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West Australian Review, 3 April 1997
Bringing Pop Down To Earth,
by Sue Yeap
Finely crafted pop songs with a feeling for melody rooted in 60s tradition set Melbourne band The Earthmen apart from so many other newcomers to the music scene.

Formed more than five years ago by singer Scott Stevens and guitarist Nick Batterham, The Earthmen released a couple of singles on the independent Summershine label in 1993.

They also released a mini-album called Teen Sensations on the Atlantic offshoot Seed in the US before signing to Warner Music in Australia.

Last year saw the release of the Scene Stealer EP and the single Hug Me Tighter, plus a profile-boosting national tour with Alanis Morissette.

Recently the band released a new single, Whoever's Been Using This Bed, as a taste of what to expect from their debut album Love Walked In, due for release on April 21.

"It's doing okay but it is weird being a pop band in Australia," says Scott Stevens of the single.

"It's like a dirty word for some people. But that's where we're coming from. It's starting to be played a lot more now so it seems to be doing OK."

Stevens and Batterham travelled to and from Sydney over several months to record the album with Daniel Denholm, with whom they had worked on Scene Stealer.

Assorted musicians played on the album but the live line-up now features Matthew Siley (bass/organ), Craig Mitchell (drums) and Nick Murray (guitar).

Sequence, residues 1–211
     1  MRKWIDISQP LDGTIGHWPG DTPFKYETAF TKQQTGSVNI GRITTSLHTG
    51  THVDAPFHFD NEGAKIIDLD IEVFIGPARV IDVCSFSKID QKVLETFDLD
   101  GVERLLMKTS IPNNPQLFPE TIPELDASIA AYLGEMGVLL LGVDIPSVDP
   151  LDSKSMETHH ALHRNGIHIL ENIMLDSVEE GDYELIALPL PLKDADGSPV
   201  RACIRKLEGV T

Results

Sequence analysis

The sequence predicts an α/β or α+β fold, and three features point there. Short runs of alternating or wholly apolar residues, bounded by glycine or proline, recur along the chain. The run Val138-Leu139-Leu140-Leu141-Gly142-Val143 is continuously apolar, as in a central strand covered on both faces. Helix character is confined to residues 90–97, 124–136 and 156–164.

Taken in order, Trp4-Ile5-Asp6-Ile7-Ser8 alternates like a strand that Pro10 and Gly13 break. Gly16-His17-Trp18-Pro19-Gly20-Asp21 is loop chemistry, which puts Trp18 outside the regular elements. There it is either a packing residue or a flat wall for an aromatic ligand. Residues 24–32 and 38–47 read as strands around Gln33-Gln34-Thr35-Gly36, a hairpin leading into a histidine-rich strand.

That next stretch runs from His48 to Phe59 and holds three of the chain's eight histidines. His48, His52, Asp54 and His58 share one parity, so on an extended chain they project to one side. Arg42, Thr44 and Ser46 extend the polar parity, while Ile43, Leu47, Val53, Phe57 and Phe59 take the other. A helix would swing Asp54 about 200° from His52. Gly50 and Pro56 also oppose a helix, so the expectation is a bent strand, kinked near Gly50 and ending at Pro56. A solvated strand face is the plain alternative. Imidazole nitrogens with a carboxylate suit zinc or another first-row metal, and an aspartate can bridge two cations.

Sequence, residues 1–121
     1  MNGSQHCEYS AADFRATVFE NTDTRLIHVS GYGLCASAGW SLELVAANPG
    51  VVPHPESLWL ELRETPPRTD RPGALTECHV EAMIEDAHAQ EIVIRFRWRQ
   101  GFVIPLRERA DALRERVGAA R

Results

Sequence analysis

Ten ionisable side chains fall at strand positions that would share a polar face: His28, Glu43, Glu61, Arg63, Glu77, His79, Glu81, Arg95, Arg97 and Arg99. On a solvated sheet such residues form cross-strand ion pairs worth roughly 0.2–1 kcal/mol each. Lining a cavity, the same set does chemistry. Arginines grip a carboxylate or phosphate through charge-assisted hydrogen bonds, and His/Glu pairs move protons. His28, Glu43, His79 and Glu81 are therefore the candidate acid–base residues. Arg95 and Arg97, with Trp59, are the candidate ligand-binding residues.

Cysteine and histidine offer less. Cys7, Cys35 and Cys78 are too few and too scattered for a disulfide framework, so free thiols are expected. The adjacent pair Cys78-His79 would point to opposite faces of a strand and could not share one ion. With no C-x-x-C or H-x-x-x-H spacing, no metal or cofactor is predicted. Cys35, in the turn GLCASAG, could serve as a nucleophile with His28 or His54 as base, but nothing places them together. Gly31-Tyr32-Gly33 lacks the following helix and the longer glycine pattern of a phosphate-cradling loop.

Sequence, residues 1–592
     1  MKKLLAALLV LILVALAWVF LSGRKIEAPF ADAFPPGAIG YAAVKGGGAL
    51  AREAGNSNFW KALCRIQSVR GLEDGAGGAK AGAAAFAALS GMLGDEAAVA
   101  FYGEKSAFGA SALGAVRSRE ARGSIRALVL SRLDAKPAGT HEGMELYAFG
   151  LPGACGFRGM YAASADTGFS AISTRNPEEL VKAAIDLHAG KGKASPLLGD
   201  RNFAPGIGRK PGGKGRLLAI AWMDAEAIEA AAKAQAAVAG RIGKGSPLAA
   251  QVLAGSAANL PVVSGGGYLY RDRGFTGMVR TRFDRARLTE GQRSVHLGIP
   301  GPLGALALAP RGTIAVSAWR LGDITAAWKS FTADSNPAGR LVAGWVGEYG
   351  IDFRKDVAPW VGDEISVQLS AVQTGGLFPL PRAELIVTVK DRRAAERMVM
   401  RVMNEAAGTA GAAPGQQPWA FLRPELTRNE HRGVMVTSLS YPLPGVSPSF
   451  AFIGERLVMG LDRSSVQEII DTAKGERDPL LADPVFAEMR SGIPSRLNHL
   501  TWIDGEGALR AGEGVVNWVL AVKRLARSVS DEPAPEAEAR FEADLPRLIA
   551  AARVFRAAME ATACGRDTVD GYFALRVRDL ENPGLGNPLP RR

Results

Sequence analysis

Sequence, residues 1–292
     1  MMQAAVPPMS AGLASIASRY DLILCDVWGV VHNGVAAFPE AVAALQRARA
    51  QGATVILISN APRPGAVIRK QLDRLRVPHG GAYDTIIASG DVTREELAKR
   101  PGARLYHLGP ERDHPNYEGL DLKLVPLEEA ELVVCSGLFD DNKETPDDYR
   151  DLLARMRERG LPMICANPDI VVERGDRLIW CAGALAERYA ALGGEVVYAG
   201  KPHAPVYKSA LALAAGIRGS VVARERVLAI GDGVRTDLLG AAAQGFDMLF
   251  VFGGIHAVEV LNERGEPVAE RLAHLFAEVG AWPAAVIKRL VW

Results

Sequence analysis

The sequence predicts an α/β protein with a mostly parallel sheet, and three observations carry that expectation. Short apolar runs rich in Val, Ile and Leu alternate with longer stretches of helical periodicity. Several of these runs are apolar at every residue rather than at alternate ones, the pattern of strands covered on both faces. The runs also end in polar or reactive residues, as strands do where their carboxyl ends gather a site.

"I don't know why we recorded in Sydney, we kept asking ourselves why during the recording," says Stevens.

"It's nice to be removed from where you usually are in some ways. In Melbourne we all have our problems, our phone bills, our girlfriends.

"We wanted a big stereo sound, something that sounded big, like the 60s effort of using everything you can.

"A lot of great bands of the 60s used everything technological to the utmost."

Although The Earthmen's flair for using melody, big instumentation and lush strings has a 60s feel, Stevens says the band didn't set out to specifically make a 60s sounding record.

"Whoever was written in 1995 maybe and started off as a pastorally country song with lots of strings, then it went more upbeat. Song To Sing was the last song written.

"We tried not to recreate a specific genre in any song although some music we like is reflected, say, in a drum beat. We hope what comes across is we like a lot of music from different periods. The Byrds are my favourite band."

Stevens and Batterham collaborate on songwriting in a number of ways. Sometimes one will write the lyrics and the other the melody, or perhaps, as was the case with Whoever, a song might start from the sound of strings.

"Sometimes they are written by Nick and I sing them. It varies from song to song quite dramatically and that comes across in the music. You can tell someone who sings and writes their own songs. They follow the chords, you can tell. Like Evan Dando, you can tell he writes his own songs."

Stevens says The Earthmen's songs tend to be about real people but often the characters may be disguised by who's telling the story.

"The characters are elements of everyone, ourselves, friends. None are really made up, like I won't sit and write about Joe who works at the bar, I'm not that kind of person.

"It's funny, some songs are written in the first person and some in the third person are about us. We care about our friendships."

He says there's no attempt to duplicate the lush sound live on stage.

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